Publishing Ethics and Platform Neutrality | Peer to Peer Review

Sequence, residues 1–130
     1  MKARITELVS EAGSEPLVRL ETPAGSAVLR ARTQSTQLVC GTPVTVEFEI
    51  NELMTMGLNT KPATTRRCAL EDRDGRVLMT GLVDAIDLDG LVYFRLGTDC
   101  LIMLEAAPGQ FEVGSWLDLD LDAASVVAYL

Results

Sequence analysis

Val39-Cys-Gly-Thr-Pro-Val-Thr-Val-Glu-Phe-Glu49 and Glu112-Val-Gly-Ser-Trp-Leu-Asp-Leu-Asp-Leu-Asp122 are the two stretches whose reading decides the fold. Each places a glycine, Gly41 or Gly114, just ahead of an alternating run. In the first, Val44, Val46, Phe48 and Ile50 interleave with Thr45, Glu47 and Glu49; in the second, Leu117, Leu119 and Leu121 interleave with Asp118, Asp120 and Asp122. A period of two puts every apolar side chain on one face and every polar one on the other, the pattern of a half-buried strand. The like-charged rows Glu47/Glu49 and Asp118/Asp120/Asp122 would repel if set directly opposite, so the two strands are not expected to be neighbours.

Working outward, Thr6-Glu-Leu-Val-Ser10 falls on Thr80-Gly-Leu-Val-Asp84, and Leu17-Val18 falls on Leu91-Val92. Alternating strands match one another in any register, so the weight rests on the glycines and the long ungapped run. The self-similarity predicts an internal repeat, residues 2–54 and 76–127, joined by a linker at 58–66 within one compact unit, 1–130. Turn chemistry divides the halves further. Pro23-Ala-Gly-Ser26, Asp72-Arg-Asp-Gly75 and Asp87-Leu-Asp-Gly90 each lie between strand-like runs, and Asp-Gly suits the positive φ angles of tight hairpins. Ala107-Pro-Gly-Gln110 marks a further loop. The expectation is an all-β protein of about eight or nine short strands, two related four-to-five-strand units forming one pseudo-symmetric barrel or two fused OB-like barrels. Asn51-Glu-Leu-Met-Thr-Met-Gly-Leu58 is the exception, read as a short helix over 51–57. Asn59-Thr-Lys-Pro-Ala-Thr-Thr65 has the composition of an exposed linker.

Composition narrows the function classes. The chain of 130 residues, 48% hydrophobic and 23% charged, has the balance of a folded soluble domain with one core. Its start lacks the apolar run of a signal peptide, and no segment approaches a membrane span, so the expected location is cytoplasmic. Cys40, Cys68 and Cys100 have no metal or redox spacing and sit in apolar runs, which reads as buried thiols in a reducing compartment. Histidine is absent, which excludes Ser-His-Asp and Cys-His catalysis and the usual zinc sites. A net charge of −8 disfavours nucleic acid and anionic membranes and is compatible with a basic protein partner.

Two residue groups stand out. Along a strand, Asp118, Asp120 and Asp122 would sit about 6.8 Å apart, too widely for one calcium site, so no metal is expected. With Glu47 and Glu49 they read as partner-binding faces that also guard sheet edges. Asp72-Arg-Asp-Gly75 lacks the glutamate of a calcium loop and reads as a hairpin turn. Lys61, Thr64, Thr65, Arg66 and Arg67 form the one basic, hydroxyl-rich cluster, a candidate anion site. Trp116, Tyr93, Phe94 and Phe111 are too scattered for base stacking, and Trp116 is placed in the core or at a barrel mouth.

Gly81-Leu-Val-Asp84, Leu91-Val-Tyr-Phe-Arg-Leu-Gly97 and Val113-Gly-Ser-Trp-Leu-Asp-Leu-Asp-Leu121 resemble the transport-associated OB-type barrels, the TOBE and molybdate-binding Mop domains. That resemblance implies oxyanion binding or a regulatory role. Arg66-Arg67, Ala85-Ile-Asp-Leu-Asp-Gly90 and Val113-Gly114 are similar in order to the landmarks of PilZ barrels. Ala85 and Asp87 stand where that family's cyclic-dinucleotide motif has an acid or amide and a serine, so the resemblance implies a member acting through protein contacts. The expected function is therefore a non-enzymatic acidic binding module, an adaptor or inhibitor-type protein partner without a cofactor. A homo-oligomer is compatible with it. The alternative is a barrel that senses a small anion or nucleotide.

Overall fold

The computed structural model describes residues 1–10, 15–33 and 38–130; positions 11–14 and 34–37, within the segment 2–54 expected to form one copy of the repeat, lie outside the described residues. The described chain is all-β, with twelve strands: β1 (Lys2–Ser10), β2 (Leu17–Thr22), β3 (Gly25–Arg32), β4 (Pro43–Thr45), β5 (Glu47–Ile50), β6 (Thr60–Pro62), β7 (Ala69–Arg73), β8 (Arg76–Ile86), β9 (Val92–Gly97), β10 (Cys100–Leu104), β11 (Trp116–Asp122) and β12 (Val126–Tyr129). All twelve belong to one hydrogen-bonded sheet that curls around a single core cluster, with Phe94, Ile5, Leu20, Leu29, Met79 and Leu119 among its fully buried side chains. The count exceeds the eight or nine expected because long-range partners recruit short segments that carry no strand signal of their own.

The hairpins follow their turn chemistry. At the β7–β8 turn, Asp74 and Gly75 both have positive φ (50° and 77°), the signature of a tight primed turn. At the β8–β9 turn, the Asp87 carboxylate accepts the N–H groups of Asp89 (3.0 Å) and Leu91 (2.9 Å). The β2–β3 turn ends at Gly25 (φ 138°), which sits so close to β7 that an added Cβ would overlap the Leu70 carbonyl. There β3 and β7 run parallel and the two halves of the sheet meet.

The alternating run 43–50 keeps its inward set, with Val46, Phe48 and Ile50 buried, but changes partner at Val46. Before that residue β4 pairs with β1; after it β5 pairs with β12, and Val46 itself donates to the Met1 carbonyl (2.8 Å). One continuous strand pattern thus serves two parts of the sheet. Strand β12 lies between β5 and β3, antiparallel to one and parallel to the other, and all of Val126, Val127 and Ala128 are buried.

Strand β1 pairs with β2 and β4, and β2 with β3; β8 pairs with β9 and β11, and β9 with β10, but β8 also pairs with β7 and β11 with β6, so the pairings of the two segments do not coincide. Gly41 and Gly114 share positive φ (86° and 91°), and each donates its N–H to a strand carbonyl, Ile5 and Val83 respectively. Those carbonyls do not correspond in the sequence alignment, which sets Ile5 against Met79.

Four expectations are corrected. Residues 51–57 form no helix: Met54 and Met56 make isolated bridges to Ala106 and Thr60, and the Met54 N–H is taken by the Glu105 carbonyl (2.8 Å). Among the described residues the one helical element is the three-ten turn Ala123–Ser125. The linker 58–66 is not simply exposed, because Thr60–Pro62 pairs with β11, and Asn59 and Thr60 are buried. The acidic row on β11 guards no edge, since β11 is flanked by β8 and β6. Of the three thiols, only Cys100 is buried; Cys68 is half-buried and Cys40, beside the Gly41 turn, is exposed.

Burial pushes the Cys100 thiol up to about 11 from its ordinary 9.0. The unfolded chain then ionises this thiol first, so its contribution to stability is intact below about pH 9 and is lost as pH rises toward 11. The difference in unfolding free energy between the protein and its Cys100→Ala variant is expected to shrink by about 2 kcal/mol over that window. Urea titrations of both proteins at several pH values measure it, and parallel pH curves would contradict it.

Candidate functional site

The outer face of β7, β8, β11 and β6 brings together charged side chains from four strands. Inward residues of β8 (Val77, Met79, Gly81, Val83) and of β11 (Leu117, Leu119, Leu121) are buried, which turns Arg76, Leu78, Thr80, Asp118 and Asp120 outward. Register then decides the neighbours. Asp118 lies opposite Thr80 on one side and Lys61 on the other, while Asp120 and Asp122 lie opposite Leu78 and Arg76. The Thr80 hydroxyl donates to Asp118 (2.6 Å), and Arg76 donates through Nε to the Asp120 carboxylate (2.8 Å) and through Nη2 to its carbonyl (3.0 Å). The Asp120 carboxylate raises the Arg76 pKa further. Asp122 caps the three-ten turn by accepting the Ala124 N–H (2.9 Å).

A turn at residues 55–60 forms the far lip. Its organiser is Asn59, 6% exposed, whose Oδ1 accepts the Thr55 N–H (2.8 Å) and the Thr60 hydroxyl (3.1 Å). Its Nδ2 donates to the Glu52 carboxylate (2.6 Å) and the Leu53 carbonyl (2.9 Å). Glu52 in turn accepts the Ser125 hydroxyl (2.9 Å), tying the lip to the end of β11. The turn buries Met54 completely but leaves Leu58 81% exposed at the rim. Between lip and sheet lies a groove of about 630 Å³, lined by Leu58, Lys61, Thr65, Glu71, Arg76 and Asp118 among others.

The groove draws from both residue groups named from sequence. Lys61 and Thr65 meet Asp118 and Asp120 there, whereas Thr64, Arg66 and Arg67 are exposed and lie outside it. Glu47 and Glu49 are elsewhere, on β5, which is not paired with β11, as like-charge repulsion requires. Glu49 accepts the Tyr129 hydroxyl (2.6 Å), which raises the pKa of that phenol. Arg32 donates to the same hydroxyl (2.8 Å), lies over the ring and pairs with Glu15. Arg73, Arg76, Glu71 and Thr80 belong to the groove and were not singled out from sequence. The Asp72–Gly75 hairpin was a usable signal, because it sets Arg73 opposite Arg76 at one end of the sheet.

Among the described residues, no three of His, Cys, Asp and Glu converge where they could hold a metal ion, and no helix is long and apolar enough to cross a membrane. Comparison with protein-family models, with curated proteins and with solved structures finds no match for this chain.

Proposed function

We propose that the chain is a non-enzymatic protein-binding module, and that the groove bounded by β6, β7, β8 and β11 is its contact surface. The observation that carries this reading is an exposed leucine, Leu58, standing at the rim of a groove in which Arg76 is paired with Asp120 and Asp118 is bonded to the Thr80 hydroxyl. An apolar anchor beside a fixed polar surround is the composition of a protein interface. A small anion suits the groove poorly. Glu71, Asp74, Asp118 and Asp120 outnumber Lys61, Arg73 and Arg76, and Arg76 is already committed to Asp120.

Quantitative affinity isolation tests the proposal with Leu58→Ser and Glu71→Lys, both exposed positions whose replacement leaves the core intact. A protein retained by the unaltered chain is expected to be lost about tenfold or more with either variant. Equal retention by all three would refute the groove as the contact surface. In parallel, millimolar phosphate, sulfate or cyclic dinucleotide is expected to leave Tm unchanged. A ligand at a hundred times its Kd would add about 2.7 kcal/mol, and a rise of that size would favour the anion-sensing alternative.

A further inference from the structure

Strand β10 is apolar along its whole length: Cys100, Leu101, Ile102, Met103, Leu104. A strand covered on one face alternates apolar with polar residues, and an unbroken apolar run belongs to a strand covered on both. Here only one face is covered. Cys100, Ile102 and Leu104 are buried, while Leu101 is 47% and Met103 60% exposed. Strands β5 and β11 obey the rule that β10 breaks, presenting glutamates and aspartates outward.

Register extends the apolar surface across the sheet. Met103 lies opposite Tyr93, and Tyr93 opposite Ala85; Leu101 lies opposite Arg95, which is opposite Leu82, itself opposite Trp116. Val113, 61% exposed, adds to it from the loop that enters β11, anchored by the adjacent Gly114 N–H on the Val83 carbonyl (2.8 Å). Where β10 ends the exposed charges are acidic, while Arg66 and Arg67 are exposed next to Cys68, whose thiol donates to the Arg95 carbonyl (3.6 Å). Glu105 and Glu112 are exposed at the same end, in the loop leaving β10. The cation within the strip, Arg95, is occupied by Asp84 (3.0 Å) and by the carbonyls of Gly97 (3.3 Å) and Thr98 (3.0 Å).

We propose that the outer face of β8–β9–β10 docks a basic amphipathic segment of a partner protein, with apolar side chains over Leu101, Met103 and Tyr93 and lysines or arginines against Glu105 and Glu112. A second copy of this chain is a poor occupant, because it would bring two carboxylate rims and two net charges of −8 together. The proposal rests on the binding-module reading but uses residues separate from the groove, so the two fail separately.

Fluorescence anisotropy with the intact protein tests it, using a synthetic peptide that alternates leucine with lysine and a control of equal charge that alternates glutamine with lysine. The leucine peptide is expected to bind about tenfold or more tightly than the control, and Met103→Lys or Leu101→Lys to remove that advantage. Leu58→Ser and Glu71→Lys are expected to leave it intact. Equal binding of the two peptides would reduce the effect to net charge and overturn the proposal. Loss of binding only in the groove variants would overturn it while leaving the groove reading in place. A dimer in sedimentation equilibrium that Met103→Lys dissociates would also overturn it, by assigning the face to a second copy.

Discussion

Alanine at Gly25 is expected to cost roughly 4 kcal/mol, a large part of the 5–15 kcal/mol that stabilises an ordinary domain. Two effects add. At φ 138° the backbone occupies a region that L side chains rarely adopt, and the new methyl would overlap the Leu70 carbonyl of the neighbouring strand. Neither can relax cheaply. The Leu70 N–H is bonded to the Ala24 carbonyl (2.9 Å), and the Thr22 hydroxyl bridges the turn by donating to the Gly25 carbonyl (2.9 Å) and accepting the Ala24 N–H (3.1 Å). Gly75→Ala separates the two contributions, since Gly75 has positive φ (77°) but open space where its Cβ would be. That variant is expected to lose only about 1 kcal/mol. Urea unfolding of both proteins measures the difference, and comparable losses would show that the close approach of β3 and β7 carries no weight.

"Do librarians really get sued, or threatened with lawsuits, all that often? It is hard to say. My initial impression is that they do not get haled into court very often, but it is very difficult to know about threats. There may be more saber-rattling than we know about, and if such threats actually prevent librarians from taking the challenged action, we might never know about it. That is called a 'chilling effect,' and there is a website devoted to cataloging such threats, which librarians should be aware of and, I think, contribute to when appropriate. But surely it was remarkable last month when two lawsuits against librarians both made the news within the same week or so. Actually, only one was a real, filed lawsuit – the one brought by Edwin Mellen Press against a librarian at McMasters University in Canada for a blog post he wrote while at his previous employment that questioned the quality of the books published by the Press. In the other case, an online, open access publisher sent a cease and desist letter, along with a demand for $10,000 in damages and legal fees, to Jeffrey Beall, a librarian in Colorado who maintains a list of 'predatory' open access publishers. I hope this is just a bizarre coincidence, and not the start of a trend or, worse, the visible tip of a long dormant iceberg of intimidation. But even assuming that these are two isolated events, the coincidence of the timing and the content of the claims can teach us a couple of things. First, lawsuits over bad 'reviews,' which take the shape of claims about defamation (slander or libel), are usually counterproductive. The publicity that comes with filing a lawsuit over an alleged defamation usually has the effect of spreading the damaging statements that prompted the suit in the first place much more widely ... Second, the specifics of these two cases are especially interesting to me because of the parallelism between the complaint made by a traditional publisher and that threatened by an online, open access one. Both publishers were accused of less-than-ethical practices, and both turned to litigation or threats of litigation to make those accusations go away. Part of the lesson—putting aside any judgment about the merits of these particular claims—should be that unethical practices are platform-neutral. Jeffrey Beall’s website, which elicited the threat from The Canadian Center of Science and Education, is focused on so-called predatory open access publishers, and I have always wondered why it is limited to open access. Most librarians know about traditional, subscription-based publishers who employ less than ethical business practices. We have heard about journals that publish issues dedicated to a topic that are supported by a pharmaceutical company, which hopes to increase sales and may even dictate the contents. Another common practice, I am sorry to say, is to re-release an earlier book with a slightly different title and very few alterations, hoping that libraries will buy the new 'edition' (which is sometimes not identified as an edition) without realizing it is a duplicate in terms of content ..."